NWEA, a nonprofit research group, warned in May that closing spring schools could cost students a third of their expected annual reading progress and half of their expected math progress. Subsequent analysis of the fall test scores showed better results – no drops in reading and more modest drops in math – but many underprivileged students did not take the test, which likely skewed the results.
Data from Zearn, an online math program used by some schools, shows performance gaps are widening, with low-income students’ progress falling 14% since January, even as it increased 13% among high-income students. A recent study of Dutch exams found that the average student made “little or no progress” during an eight-week hiatus last spring, with disadvantaged students suffering the greatest learning loss.
“Distance learning is almost certain to widen the achievement gap,” Lake said. “It has been a complete disaster for low income students.”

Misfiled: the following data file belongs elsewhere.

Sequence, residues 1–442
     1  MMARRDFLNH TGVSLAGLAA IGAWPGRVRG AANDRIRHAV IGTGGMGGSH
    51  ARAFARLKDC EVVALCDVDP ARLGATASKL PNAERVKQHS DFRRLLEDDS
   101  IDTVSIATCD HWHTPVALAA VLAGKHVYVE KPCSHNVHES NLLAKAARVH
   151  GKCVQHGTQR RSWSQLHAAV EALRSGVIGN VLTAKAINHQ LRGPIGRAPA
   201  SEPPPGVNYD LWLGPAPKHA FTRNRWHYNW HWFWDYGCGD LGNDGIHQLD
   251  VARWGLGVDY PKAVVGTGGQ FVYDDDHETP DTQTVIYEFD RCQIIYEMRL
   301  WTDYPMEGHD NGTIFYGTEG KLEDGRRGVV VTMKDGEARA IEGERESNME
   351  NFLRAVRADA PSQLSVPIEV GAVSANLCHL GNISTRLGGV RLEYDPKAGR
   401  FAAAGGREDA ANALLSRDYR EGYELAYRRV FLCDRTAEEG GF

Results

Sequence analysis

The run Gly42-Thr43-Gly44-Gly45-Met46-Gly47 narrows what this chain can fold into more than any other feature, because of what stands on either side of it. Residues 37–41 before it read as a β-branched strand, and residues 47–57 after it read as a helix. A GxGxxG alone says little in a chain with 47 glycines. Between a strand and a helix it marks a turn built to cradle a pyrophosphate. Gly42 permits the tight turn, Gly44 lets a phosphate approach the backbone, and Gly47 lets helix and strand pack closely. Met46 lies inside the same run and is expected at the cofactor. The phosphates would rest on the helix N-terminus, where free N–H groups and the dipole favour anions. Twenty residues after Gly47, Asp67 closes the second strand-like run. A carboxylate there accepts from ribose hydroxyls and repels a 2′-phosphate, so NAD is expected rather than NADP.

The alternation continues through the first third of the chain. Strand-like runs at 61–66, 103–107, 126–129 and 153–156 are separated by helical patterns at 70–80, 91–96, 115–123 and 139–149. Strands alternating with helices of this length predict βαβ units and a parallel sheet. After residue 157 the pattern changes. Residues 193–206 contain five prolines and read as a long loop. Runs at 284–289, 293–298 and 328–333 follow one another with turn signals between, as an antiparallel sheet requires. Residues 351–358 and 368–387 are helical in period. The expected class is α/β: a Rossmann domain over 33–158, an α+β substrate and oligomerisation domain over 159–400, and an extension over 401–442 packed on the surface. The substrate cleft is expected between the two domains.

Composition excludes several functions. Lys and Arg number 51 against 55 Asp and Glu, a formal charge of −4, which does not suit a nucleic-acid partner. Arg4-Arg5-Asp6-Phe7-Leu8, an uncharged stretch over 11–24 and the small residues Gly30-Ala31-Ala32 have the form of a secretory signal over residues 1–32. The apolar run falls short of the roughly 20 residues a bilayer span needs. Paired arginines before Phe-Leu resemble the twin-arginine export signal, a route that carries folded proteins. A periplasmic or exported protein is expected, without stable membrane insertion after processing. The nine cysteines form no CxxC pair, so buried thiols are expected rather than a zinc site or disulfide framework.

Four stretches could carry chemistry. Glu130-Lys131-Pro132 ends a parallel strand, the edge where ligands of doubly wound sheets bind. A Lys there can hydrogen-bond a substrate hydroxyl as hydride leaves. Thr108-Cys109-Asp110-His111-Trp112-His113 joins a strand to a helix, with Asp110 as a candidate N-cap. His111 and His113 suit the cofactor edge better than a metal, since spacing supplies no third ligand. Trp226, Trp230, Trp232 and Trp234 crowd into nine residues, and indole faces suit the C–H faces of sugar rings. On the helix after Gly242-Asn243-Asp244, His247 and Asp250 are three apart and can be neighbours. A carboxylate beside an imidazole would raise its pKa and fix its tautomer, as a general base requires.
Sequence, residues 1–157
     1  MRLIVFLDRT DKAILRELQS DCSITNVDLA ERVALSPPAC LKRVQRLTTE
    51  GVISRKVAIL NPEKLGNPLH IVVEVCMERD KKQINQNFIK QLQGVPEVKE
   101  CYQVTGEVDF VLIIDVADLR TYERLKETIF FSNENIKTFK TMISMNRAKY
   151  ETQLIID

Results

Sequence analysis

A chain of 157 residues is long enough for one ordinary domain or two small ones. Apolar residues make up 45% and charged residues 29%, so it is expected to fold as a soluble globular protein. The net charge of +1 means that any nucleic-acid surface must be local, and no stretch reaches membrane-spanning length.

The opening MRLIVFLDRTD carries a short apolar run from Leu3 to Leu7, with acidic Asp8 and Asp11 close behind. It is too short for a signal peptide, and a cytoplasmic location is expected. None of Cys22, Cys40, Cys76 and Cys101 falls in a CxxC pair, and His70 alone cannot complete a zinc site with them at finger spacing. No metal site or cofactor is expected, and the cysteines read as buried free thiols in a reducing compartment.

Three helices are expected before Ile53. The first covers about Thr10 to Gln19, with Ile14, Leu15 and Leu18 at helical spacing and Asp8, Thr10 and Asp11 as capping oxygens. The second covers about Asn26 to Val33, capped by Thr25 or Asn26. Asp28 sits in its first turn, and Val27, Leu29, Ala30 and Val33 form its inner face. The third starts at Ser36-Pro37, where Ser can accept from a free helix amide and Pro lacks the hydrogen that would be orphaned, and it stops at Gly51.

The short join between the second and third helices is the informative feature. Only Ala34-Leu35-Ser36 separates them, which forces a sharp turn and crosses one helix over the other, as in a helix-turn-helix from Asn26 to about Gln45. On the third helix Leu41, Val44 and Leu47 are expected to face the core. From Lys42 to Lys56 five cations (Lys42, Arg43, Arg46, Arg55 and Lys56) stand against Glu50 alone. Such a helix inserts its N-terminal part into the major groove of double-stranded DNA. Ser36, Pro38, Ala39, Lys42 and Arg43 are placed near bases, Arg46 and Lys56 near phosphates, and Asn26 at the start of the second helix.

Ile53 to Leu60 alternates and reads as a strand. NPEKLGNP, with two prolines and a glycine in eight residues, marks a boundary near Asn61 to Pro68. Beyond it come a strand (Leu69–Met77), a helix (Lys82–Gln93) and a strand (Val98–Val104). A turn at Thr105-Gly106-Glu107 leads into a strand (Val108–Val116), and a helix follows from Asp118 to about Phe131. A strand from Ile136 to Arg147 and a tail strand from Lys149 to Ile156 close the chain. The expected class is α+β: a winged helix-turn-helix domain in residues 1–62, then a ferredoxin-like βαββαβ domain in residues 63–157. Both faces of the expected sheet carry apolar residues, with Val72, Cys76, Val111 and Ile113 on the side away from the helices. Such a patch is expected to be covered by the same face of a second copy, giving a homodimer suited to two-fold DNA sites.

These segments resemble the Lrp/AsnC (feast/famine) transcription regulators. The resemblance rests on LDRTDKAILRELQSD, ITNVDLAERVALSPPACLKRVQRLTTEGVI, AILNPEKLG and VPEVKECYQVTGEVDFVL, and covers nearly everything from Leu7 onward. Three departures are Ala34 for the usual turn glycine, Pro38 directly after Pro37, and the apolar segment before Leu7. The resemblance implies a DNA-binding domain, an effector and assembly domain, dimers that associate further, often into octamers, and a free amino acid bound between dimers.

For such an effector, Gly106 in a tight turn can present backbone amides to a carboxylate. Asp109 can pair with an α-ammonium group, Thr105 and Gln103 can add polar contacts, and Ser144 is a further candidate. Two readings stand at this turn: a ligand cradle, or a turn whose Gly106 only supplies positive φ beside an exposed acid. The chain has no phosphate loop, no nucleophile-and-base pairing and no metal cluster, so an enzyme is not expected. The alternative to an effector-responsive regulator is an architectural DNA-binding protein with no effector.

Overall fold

Among those affected are Dehlia Winbush of Kent, Wash., And her ten-year-old daughter, Nadira, who suffers from a behavioral disorder that oscillates between depression and aggression.
The switch to distance learning last spring “was extremely horrible,” said Ms. Winbush. “It was constantly a struggle for her to log on, even if it was only for an hour.” The school computer malfunctioned and Ms. Winbush, who is visually impaired, was unable to read it well enough to help Nadira with lessons.
“Personally, I don’t think she learned anything,” she says.
The new school year, she said, brought a longer school day and “a really good teacher.” But the isolation worsened Nadira’s depression and led to recent hospitalization. Ms Winbush took time off from her warehouse job to be by her daughter’s side, but her absences caused her to lose her job, adding financial problems to medical problems.
As Nadira’s screen flashes with interesting lessons – the rise of cities, defense mechanisms in animals – she misses the social and emotional development that comes from being in a classroom.